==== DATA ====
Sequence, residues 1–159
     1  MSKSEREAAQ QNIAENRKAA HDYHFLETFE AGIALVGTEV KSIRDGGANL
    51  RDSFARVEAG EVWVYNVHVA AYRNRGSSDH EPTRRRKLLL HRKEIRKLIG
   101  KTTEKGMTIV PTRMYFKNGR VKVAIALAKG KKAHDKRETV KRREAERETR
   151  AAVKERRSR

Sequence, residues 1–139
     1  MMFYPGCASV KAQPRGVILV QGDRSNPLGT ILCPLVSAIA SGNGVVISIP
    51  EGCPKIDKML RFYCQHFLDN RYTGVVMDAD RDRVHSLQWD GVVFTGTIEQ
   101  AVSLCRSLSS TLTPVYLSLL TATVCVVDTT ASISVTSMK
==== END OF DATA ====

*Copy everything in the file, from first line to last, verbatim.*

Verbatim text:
Sequence, residues 1–159
     1  MSKSEREAAQ QNIAENRKAA HDYHFLETFE AGIALVGTEV KSIRDGGANL
    51  RDSFARVEAG EVWVYNVHVA AYRNRGSSDH EPTRRRKLLL HRKEIRKLIG
   101  KTTEKGMTIV PTRMYFKNGR VKVAIALAKG KKAHDKRETV KRREAERETR
   151  AAVKERRSR

Sequence, residues 1–139
     1  MMFYPGCASV KAQPRGVILV QGDRSNPLGT ILCPLVSAIA SGNGVVISIP
    51  EGCPKIDKML RFYCQHFLDN RYTGVVMDAD RDRVHSLQWD GVVFTGTIEQ
   101  AVSLCRSLSS TLTPVYLSLL TATVCVVDTT ASISVTSMK